Although my usual modelling genre, as regular readers will know, is the Southern Railway between 1946 and 1949, however due to Canute Road Quay has very few visual references to either period or location (yes there are a couple, but hey…) It therefore allows me to change the location and era with different rolling stock, vehicles and details.
For this post we have stayed at Canute Road Quay‘s usual time frame but moved its location slightly. Having deliberately when building Canute Road Quay left the vehicles and other details such as crates, sack stacks and oil drums etc. loose, it enables them to be both be moved around, to give some variety in photographs, and or replaced with other items to different periods.
In this case Canute Road Quay‘s has been transported further to the South East, perhaps through squinted eyes it could on the Medway at Rochester, or or the Channel coast at Richborough Port or Newhaven Harbour perhaps…
The steam locomotives include the Hattons ex SECR P class 0-6-0T, an ex London, Chatham and Dover Railway Kirtey T Class 0-6-0T and even my South Eastern Railway 0-4-0CT crane tank makes an appearance.
The T class 0-6-0T were a class of ten locomotives introduced by the LC&DR (prior to the formation of the South, Eastern and Chatham Railway in 1899) between 1879 and 1893 specifically for shunting duties, with appropriately one of the class being initially used at Dover Docks. Although withdraws started in 1932 two of the class 1602 and 1604 (as my model) lasted until July 1951 and November 1950 respectively. My model is white metal and built from a Q Kit.
The SER 0-4-0CT crane tank number 1302 as per my model, was one of two built for the SER by Neilson in 1881. Like the T class she had worked at Dover Docks and also Richborough although she saw out most of her life at Lancing and Stewarts Lane. She was withdrawn in July 1949 and scrapped at Ashford. My model is built from a South Eastern Finecast white metal kit.
Although my usual modelling genre, as regular readers will know, is the Southern Railway between 1946 and 1949, however due to Canute Road Quay has very few visual references to either period or location (yes there are a couple, but hey…) Having deliberately when building Canute Road Quay left the vehicles and other details such as crates, sack stacks and oil drums etc. loose, it enables them to be both be moved around, to give some variety in photographs, and or replaced with other items to different periods.
In this case Canute Road Quay‘s is off the British Railways network and could be any private quayside / wharf. In and around Southampton alone there were a myriad of rail served private docks and wharves including inner and outer docks and those along the River Itchen such as Dibles Wharf, Notham, Britannia and Victoria wharf, many of which had their own locomotives.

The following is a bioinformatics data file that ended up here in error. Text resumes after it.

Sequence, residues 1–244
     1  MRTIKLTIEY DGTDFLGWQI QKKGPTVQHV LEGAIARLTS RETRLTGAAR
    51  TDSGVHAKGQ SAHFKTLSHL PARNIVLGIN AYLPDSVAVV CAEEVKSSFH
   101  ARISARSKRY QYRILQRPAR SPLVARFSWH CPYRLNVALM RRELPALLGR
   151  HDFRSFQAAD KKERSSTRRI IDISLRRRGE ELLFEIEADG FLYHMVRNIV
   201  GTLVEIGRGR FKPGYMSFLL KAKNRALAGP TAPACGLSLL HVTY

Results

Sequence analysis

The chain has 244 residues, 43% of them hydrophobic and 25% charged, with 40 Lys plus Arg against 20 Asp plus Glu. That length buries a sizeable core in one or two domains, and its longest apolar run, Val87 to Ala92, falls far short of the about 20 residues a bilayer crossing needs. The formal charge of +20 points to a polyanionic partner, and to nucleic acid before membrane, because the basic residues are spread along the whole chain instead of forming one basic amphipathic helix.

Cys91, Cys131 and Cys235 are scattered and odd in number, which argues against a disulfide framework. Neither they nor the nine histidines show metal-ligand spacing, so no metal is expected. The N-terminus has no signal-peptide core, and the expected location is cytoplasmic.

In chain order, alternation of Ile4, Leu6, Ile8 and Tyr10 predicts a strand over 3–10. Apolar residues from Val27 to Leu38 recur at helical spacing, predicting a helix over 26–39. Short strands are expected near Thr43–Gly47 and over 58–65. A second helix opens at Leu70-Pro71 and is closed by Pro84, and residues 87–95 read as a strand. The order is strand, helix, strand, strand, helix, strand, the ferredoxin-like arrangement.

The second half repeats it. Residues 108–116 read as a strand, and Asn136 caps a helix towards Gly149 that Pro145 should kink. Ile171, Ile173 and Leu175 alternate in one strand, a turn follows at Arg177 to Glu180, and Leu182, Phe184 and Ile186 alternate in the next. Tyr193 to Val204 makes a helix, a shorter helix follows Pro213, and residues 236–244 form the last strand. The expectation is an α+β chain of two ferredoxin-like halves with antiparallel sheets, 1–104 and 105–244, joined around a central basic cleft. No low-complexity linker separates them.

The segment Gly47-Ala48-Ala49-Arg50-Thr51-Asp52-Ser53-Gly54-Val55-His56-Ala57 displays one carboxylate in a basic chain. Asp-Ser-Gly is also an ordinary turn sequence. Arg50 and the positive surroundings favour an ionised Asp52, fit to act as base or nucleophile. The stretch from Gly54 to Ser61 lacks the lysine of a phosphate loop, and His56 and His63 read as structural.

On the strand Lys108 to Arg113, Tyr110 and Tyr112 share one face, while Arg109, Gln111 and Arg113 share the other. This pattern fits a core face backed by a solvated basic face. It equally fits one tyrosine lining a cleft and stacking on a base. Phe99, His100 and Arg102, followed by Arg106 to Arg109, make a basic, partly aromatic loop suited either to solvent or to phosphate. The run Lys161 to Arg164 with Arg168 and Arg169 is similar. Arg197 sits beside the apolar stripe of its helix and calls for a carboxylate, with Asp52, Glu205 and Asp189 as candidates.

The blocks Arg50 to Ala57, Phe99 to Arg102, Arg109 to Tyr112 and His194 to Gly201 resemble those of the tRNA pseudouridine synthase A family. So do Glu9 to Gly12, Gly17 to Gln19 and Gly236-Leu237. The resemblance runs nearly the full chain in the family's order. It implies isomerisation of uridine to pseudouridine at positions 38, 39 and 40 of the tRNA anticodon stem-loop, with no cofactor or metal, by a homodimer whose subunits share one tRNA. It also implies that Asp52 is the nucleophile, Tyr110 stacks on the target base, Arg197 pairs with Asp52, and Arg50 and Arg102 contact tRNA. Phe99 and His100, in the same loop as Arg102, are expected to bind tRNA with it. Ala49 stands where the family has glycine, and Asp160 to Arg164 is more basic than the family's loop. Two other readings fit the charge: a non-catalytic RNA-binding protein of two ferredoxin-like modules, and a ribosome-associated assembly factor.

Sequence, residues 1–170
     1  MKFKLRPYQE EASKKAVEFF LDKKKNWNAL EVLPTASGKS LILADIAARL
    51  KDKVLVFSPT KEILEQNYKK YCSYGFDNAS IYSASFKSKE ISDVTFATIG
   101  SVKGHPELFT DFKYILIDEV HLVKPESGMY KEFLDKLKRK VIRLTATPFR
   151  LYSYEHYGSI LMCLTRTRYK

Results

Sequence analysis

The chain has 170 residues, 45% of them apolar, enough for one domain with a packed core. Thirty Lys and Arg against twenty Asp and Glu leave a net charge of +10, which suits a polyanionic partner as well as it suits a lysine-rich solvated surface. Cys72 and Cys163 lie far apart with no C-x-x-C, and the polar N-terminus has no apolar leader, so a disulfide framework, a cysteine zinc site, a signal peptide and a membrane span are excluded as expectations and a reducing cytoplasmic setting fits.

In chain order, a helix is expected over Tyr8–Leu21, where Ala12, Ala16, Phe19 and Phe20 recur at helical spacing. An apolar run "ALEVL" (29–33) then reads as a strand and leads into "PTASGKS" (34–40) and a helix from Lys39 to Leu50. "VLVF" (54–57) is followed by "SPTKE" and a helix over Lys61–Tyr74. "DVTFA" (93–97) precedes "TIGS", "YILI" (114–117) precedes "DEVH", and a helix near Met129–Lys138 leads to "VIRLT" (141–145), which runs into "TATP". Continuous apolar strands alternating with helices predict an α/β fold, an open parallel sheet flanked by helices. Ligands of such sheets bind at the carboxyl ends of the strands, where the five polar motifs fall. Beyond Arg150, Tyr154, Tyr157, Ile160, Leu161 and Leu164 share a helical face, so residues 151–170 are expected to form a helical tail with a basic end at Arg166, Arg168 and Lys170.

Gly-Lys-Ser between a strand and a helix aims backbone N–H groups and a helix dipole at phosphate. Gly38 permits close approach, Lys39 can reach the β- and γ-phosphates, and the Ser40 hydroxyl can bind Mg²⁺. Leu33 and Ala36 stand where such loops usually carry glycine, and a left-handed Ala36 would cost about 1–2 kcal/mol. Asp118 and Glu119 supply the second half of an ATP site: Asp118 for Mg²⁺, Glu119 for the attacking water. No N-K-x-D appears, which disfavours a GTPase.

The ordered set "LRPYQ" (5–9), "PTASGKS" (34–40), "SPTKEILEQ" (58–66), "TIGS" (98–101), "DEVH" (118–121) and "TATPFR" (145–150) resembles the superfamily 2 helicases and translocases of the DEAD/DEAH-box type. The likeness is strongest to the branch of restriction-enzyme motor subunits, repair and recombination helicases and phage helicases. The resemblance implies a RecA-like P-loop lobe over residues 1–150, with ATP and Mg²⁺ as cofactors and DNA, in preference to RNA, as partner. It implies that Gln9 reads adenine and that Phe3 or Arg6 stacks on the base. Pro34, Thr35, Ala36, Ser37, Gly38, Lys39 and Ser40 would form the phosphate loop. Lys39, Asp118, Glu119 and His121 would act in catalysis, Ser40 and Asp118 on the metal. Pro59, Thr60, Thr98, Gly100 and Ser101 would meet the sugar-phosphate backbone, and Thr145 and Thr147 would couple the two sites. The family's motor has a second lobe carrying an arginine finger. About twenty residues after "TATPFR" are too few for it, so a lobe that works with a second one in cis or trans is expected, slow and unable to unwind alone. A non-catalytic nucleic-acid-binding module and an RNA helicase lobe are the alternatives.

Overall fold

In this case we see a number of locomotives privately operated ranging from steam locomotives to diesel shunters sharing duties around the quay.
The early 1960s saw the introduction of a number of diesel shunters such as the 34 ton chain drive 4 wheel Rolls-Royce diesel powered Sentinel shunter rated at 233hp and the later 325hp, 38 ton style with outside cranks.
The Hornby Esso 4wDM version was introduced in 1963 and was for use in the Esso Bitumen works at Cattewater, hence its name, in Plymouth
‘Graham’ (Hornby must have been tempting me to purchase this one on purpose!) was delivered new to the Oxfordshire Ironstone company as Locomotive No.10207 in May 1965 and was fitted with vacuum braking and a higher ratio gearbox for mainline working, so is obviously on loan to the quayside.
The Hornby models have been modified slightly with the lifting eyes at each end having their holes drilled out, the wasp stripes on ‘Cattewater’ continued on the side of the bufferbeam as per the prototype and also weathered.
Moving towards the late 1960s saw some of the myriad of early BR shunter types being withdrawn and some entering industrial service such as the ex Class 05. This Heljan example is modelled on the second batch built by Hunslet Engine Company of Leeds and built in 1961 numbered D2574 to D2618, had a higher roof line, smaller wheels (3’4″ instead of 3’9″) deeper buffers with oval heads than the first batch built in 1955. D2578 was sold to HP Bulmers in 1968 and is now preserved, but seen here working at the quay.